Riding The Wave: A Conversation with Joe Somerville

(Photo by Joe Somerville)

Joe Somerville is the man behind it all.

While Pat Sajak and Vanna White may be the faces of Wheel of Fortune, the decorations, the footage, the locations – anything that appears on your screen while you’re watching at home – that’s Joe. 

After graduating from William & Mary with his Juris Doctor and taking on a Contract Attorney position in Atlanta, Joe headed across the country to Long Beach, California. He played rugby and worked as a temp for a few years until he got pulled into Wheel of Fortune by a couple of friends. 

But, when the COVID-19 pandemic hit in March of 2020, production was halted on all television shows, including Wheel of Fortune. Subsequently, thousands of employees were put out of work with no end in sight.

I had the opportunity to sit down with Joe and hear first hand about his experience working at one of the most beloved shows in America during the pandemic. In our conversation, he discussed what his professional life was like before COVID-19, how it has changed both personally and professionally, how he’s adapted, and his thoughts on the future of the entertainment industry.

Below is his story.

Sorting It Out

What was your professional life like before the COVID-19 pandemic?

Joe Somerville on the Wheel of Fortune set (Photo by Joe Somerville)

“The Sony Pictures Entertainment lot was like a college campus. Intramural sports, the public lounging around, a cafeteria. I would go in at 9ish and check emails. If nothing was pressing I’d go grab breakfast. If emails arrive I’d usually run from office to office determining a response. Those were the dead days. Tape days I’d come in earlier, check out the set because it changes every five shows, and chat with producers and set workers. Once it looked like things were going as planned, I headed back to my office to watch them tape the shows. If I spot or I’m told of anything wrong, I run to the set and sort it out. I was just riding the wave and enjoying life. Other busy days are spent planning the shows, filled with meetings and more meetings. We get lots of free time and I use it to travel the planet, play sports, and socialize. “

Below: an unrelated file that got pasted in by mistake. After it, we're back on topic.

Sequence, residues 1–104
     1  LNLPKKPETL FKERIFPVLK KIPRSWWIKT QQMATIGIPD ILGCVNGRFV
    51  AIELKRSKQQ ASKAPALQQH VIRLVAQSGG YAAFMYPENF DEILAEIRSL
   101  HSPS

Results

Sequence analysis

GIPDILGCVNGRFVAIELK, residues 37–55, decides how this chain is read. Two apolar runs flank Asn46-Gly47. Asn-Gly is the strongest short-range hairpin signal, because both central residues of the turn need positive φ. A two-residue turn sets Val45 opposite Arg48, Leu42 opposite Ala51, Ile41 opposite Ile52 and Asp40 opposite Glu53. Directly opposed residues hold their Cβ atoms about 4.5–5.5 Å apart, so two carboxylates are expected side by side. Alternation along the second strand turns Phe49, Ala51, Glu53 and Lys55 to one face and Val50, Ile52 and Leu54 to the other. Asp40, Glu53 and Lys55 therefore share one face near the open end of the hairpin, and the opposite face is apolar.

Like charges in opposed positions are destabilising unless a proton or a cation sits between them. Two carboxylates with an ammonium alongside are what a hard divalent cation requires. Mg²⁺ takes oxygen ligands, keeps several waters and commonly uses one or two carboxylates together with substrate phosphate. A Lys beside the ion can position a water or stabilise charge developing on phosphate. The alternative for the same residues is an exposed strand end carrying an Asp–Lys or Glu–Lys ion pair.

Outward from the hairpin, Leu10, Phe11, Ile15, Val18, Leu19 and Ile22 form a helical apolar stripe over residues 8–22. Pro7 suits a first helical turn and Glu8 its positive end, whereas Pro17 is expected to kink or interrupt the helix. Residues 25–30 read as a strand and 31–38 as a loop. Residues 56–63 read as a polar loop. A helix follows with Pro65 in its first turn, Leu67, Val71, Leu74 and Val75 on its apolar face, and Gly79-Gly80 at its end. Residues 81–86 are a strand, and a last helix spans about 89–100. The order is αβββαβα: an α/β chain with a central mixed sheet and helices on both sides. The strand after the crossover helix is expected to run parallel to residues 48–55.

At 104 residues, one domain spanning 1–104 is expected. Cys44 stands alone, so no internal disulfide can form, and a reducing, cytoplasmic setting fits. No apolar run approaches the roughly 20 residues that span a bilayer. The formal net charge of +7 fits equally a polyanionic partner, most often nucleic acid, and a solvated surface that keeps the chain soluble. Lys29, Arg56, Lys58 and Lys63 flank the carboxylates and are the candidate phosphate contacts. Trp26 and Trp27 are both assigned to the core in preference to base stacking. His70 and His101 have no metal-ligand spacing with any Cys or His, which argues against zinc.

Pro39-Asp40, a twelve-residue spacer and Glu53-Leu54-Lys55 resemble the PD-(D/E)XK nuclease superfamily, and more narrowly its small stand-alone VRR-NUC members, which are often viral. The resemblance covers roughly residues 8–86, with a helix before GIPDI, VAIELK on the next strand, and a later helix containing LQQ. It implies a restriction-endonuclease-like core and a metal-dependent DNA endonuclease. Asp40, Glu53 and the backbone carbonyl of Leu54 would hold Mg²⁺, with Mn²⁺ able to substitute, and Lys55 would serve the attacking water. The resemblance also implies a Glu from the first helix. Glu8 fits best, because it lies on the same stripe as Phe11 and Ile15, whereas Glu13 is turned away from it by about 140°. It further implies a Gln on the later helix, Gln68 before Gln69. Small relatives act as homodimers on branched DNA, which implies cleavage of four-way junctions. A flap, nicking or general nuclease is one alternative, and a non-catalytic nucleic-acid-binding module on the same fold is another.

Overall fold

Full Steam Ahead

How has the onset of the COVID-19 pandemic changed your professional life?

“It’s awful. Everything is gone. We work from home and there’s no contact with coworkers, just two laptops and Zoom meetings. It’s very boring and not my style. I’m a face-to-face problem solver. A lot of my work involves travel and dealing with third parties like other movie studios. That is very limited now. Most studios are shut down, there’s no urgency to make movies as the current lineup has been pushed back 8-24 months. Television is just starting again; we have been full steam ahead once California allowed us to return to work. My job is months ahead of the pack. I get my full salary and I’m confident my job will be there when this is over. I’m fortunate.

We’ve had a few deaths. It’s a major challenge when we can’t get together and deal with things, we’re a big family. I have no personal life. Quarantine sucks. I keep a positive attitude by nature but this is just the worst year ever. I’m just waiting it out and hoping for the best.”

Making Magic

What do you think lies ahead for the future of the entertainment industry?

“It’s bad news. There will be fewer opportunities for most behind-the-scenes. The rich will get richer in streaming and television, but movies will need years to recover. I hope we stay number one for another decade or two and just keep riding the wave. Maybe some transcendent talents will arise like a Nirvana or a Tarantino, and will take this era and make something magical out of this mess. The worst times present the best opportunities to change your life, if that’s your goal.”

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